By: Megan Leonard
The Mormons' Involvement in the Westward Expansion
In their original home in Nauvoo, Illinois, the Mormons were severely persecuted. When their leader, Joseph Smith, was killed and violence broke out, the Mormons fled to the West for a safer place to live. They eventually ended up in Salt Lake City, Utah.
The Mormon religion was founded by Joseph Smith on April 6th, 1830. As a teenager, Smith had visions, and soon he was a regarded as a prophet to the Mormons. After claiming that an angel showed him some buried gold plates, he created The Book of Mormon, and Mormon became a religion.
(picture of Joseph Smith)
Why the Mormons Moved West
When the Mormon religion was created, many people didn't agree with their beliefs. The Mormons were persecuted severely. Joseph Smith had plans to migrate west (and lead the other Mormons) to escape religious discrimination, but he was killed by prosecutors while he was in jail. Brigham Young took Smith's place and decided to lead the Mormons west, like Smith had planned.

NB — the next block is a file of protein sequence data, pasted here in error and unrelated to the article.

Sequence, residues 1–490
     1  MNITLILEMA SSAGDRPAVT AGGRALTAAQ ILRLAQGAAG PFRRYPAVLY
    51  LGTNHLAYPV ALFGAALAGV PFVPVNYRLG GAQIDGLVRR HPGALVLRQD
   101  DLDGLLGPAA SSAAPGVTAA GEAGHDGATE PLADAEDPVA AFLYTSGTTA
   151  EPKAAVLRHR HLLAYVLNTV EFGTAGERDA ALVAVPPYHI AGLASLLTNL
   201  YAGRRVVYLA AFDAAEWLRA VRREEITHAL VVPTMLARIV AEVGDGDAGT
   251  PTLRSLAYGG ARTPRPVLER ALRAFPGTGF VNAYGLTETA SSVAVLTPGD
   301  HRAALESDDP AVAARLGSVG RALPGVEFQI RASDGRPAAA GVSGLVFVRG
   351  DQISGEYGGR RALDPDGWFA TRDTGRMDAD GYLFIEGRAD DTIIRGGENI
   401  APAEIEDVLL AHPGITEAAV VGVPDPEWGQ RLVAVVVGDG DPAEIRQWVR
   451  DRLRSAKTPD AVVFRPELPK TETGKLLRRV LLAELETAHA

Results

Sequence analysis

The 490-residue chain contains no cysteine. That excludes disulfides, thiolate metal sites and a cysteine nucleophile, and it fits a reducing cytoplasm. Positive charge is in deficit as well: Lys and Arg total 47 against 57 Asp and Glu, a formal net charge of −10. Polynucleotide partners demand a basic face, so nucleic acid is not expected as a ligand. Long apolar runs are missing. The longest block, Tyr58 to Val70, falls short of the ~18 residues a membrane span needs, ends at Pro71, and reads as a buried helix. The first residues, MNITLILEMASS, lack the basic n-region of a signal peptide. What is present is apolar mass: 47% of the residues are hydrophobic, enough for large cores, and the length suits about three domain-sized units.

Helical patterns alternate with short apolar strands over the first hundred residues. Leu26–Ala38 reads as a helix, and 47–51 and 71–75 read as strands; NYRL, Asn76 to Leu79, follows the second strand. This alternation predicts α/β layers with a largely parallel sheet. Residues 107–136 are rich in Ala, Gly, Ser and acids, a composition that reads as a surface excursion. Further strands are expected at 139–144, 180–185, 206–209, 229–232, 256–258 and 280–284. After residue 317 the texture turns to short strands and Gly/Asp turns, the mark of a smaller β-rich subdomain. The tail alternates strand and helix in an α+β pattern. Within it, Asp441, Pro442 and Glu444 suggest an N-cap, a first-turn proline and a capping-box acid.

(picture of Brigham Young)
The journey took place in 1844. The Mormons had a very difficult journey. Many people traveled on foot. Many people died along the way, but eventually, the group reached Salt Lake City, Utah. More Mormons arrived in Utah, and the population living in Utah grew tremendously.
(picture of the Utah territory)
Salt Lake City, Utah
This is a picture of Salt Lake City today. It obviously looked different when the Mormons settled here, but it's a very beautiful place.
The picture above shows a map of Nauvoo, IL. Again, this is the modern day map of Illinois, so back in the 1840s it was different.
Mormons and the Move West